Do you suffer from foods sensitivities or allergies?
Food sensitivities are not caused by the food. They are a digestive issue due to lack of enzymes and/or lack of good bacteria. We do not know what strains any one person is missing, but we do know that different strains help us digest different foods. For example, lactose intolerance is due to lack of the good bacteria that helps break down lactose. Improving the quantity and quality of the strains will improve the ability to digest all types of foods.
What is dysbiosis?
It’s the name given to the condition in the gut when there is no longer the right ratio of good bacteria to bad bacteria. The gut should have 85 per cent beneficial microbes. Anything less than this can result in symptoms, and as the ratio gets further out of balance, more symptoms occur. Dysbiosis has been linked to all major health conditions.
It’s residential bacteria that need to be re-established. Probiotic supplements can help in the short term, but the permanent solution is finding the right balance of foods and lifestyle that the gut requires to function at it best on its own.
What do residential bacteria like to eat?
They like fibre like FOS (fructo-oligosaccharides), polyphenols, and resistant starch. Dairy products contain two types of food for bacteria – lactose and GOS (galacto-oligosaccharides) They also function best with lots of vitamins and minerals. So, load up on the fruits, vegetables, grains, legumes, nuts, seeds, and dairy products.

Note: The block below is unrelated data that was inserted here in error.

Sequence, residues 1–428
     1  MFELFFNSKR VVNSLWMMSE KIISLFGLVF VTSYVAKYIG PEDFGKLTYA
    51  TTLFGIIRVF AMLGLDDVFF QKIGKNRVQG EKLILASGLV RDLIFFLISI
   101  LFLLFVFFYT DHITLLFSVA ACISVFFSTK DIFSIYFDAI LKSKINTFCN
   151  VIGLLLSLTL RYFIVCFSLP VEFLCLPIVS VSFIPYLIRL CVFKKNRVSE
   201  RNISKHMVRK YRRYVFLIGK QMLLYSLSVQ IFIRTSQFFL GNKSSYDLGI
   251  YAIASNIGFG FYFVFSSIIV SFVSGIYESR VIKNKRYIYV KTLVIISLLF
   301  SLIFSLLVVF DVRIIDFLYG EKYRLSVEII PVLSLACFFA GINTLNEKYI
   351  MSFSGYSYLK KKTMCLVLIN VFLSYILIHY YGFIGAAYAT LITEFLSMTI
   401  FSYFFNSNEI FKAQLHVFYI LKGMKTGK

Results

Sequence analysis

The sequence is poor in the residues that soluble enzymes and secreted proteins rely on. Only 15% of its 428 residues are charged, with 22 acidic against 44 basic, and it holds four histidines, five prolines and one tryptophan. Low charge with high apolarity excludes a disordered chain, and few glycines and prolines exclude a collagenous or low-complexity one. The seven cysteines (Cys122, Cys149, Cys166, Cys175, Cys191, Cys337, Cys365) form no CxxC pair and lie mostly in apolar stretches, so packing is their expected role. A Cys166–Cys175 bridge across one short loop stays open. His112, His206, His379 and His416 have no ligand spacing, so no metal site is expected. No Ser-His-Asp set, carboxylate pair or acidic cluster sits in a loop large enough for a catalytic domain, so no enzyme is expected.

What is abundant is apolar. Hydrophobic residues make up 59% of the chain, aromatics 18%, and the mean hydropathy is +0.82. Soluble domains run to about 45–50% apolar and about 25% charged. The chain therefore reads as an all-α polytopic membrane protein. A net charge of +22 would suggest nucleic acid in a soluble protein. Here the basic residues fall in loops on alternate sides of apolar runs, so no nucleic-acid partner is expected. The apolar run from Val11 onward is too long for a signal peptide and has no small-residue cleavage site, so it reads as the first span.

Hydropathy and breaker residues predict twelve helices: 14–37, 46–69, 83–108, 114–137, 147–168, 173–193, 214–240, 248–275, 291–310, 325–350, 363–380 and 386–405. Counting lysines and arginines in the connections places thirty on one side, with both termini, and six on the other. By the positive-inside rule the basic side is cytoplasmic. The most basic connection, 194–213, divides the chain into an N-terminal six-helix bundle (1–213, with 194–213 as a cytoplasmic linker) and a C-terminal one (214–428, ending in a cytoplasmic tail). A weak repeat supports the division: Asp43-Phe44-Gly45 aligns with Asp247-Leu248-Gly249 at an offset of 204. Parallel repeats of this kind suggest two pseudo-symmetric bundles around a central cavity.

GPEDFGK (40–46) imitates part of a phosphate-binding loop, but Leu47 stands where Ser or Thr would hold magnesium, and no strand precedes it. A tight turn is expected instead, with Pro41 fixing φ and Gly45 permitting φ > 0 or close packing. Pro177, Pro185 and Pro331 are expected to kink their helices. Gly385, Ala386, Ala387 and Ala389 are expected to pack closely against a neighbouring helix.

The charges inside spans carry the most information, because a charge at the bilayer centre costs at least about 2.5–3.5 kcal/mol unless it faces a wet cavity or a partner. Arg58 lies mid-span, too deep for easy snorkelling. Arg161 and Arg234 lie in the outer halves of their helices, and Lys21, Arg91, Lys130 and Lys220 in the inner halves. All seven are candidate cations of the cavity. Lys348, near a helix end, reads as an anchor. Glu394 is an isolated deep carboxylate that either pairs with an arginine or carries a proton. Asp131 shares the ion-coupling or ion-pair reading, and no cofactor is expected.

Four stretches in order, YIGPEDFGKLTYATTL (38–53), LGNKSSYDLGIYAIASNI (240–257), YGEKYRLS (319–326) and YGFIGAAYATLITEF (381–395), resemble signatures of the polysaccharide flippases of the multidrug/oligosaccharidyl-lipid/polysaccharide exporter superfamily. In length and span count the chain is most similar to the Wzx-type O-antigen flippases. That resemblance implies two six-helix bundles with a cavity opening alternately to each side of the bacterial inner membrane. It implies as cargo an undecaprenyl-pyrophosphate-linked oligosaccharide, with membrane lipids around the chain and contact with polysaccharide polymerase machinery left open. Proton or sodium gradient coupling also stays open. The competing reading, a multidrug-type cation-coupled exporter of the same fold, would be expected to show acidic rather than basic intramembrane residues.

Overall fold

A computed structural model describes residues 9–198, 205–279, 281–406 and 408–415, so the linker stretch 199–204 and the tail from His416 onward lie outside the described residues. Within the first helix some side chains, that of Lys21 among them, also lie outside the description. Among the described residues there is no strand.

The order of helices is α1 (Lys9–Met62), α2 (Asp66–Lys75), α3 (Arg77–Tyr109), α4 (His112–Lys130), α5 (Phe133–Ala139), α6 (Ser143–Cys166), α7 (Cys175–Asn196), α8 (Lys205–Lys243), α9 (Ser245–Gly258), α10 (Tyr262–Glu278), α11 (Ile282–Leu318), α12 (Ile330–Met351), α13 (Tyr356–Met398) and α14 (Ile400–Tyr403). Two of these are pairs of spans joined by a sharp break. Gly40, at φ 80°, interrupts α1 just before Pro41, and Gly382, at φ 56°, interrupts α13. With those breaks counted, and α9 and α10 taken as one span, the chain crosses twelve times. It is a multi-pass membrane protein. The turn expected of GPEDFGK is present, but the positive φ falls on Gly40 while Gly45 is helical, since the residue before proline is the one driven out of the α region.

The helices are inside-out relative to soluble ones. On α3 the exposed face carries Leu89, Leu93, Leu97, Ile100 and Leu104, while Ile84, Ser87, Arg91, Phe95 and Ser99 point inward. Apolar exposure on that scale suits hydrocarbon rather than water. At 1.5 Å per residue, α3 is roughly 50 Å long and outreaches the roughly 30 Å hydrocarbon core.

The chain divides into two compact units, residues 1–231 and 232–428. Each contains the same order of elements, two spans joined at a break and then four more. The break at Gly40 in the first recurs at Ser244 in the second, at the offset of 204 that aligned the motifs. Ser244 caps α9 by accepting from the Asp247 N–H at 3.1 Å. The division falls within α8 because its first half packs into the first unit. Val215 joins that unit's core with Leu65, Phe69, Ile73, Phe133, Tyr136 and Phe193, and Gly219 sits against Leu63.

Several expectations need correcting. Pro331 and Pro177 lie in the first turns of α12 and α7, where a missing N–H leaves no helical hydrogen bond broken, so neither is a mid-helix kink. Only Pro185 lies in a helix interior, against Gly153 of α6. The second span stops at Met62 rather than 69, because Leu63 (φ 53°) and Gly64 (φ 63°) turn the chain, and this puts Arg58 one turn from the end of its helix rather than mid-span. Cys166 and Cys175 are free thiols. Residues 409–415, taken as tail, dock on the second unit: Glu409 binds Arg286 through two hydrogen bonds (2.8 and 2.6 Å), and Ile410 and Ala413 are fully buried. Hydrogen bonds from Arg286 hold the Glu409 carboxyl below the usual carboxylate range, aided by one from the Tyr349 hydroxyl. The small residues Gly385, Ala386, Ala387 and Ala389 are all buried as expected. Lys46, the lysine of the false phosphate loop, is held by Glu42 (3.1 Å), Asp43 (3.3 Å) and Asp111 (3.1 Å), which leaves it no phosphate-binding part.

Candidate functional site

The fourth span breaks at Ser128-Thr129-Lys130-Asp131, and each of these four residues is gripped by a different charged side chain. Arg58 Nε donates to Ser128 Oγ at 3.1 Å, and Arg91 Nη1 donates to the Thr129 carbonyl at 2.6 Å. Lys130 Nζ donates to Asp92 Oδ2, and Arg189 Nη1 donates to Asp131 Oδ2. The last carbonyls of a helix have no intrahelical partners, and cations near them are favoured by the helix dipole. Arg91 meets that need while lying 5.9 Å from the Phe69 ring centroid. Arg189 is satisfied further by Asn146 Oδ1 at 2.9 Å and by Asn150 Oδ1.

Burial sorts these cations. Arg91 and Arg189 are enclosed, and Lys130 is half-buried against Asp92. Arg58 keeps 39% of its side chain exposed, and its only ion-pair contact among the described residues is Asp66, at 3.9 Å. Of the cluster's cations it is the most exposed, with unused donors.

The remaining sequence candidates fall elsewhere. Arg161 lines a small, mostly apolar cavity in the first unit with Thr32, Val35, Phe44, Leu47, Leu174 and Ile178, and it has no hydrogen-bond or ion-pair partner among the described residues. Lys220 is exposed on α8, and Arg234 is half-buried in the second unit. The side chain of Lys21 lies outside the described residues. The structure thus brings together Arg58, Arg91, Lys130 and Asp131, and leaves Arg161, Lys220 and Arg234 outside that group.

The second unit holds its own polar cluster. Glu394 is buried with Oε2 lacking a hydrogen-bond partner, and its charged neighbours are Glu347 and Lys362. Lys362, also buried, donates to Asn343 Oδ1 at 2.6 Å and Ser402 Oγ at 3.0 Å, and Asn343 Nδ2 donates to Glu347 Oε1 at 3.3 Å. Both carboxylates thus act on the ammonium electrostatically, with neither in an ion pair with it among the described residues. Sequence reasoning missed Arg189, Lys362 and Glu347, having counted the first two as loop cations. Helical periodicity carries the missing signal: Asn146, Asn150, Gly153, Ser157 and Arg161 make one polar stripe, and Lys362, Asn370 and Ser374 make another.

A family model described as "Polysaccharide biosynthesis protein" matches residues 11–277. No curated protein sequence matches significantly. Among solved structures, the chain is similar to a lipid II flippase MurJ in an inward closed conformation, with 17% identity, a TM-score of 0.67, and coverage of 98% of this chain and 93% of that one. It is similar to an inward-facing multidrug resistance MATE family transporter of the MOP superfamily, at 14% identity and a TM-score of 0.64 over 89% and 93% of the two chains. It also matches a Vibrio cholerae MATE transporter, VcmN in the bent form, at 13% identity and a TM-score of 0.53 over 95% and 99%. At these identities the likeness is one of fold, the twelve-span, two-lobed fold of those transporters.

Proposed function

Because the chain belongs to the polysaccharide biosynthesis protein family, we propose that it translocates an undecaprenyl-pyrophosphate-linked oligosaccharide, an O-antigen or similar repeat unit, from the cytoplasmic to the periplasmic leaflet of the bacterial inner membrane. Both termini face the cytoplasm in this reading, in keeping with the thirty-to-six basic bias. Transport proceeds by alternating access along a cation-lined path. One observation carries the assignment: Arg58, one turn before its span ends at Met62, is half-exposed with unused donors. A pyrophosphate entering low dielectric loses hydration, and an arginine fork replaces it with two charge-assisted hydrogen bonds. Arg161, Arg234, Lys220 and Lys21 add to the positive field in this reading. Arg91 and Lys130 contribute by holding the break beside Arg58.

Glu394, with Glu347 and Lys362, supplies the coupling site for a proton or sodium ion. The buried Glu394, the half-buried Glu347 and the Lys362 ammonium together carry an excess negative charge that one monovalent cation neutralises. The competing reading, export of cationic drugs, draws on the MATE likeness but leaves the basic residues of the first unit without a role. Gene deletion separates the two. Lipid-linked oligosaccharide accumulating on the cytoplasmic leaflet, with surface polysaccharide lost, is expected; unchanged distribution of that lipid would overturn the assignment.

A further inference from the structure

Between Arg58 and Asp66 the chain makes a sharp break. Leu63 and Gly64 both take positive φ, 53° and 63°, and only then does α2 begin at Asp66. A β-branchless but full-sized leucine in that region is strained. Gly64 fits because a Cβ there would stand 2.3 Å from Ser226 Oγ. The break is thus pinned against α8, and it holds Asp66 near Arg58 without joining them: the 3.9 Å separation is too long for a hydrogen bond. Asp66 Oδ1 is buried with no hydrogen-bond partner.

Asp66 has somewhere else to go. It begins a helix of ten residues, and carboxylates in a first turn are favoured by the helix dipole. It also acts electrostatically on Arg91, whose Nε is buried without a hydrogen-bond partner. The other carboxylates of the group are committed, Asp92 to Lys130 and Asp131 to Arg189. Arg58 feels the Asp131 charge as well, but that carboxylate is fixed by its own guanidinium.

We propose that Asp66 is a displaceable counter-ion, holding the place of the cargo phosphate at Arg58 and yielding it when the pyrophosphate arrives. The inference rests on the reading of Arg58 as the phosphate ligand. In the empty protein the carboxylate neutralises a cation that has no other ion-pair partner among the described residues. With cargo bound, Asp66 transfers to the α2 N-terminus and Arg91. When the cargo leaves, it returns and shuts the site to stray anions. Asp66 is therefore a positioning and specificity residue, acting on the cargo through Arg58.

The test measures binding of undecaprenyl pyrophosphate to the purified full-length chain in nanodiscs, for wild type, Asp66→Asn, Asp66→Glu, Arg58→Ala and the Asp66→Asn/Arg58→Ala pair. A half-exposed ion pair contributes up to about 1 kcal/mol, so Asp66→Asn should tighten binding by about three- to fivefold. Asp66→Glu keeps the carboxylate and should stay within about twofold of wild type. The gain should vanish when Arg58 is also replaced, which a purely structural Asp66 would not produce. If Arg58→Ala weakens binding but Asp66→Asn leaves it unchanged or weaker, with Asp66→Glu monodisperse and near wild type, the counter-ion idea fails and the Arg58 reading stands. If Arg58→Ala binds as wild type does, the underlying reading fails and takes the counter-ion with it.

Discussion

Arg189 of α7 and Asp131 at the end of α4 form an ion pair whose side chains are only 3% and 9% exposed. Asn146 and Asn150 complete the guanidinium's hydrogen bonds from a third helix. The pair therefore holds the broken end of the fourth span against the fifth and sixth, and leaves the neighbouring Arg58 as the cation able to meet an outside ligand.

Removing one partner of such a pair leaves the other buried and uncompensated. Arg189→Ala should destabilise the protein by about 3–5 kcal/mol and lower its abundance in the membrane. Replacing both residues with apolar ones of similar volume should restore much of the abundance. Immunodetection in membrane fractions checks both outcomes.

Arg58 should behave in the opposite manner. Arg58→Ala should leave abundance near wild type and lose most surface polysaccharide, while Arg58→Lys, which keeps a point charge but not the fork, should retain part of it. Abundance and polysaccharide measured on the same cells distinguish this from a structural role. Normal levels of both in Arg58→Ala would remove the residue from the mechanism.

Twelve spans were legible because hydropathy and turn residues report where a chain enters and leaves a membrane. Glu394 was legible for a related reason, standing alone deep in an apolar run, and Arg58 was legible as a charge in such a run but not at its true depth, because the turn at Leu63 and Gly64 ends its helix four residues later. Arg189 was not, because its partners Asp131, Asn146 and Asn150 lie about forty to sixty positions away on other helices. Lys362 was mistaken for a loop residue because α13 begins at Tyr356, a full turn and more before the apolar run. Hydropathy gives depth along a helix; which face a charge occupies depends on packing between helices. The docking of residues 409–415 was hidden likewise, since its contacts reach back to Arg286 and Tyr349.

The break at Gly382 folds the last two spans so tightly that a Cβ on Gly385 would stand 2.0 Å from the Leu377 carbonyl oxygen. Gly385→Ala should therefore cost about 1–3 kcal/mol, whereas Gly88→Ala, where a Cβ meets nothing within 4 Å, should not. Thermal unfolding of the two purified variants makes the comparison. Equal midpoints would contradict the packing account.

The key to a healthy gut is increasing the number and diversity of strains. Different foods feed different strains so variety is the key.
Instructions: Take a look at the suggestions in each section. Pick the ones that are easiest for you to add to your daily life. Add one at a time if that is what works best for you. The goal is to add more suggestions as you go until you find the right combination for you. Look for your digestive, elimination and energy functions to improve. To view the above table click on this link3 Best Steps To Better Gut Health and Well.
If you need further help and support please get in touch with me.
The dietary changes you’re making should not feel restrictive, overwhelming or hard to live with.
Most Britains have grown up on processed foods. This may be a big change for you, so take it a step at a time. Pick 1 or 2 changes to make now, and once those are in place, pick 1 or 2 more. This is the best way to make it part of a lifestyle change and something you can totally live with.
Transitioning to a healthier way of eating may seem daunting so here are some tips to keep in mind:
Eat vegetables at most meals. Think salads, side dishes, soups, or even adding veggies to your sandwich or wrap.
When you are having a craving for something sweet, opt for a serving of fruit to satisfy your craving.
When you eat meat, it’s best to choose organic, grass-fed, and hormone-free so you get the maximum nutrients possible without the harmful pesticides residue, antibiotics, hormones, etc.
Fill your fridge and cupboards with healthy food choices that are ready to eat and go. Snacks like nuts, seeds, or fruit are good for ‘grab and go’.
Never leave the house without food if you’ll be gone for more than 2 hours. Remember, eating healthy foods on a regular basis will help you avoid unhealthy choices. Make up some of your own trail mix (avoid ready-made trail mix as most of them have hydrogenated oils and other undesirable, processed ingredients) or bring a small cooler to keep in the car.
Most importantly, don’t be too rigid. Making small changes over time will make a huge difference and it makes the changes easier to stick to.
If you need some help implementing these changes, please get in touch here.
What you eat can affect many areas of your health from your mood to how well you sleep. Your body needs a wide range of vitamins, minerals and other nutrients to keep you in great physical and mental condition so it’s important to nourish it with the right foods and drinks. Here’s how your food can affect your mood, sleep, concentration and even your chances of developing depression.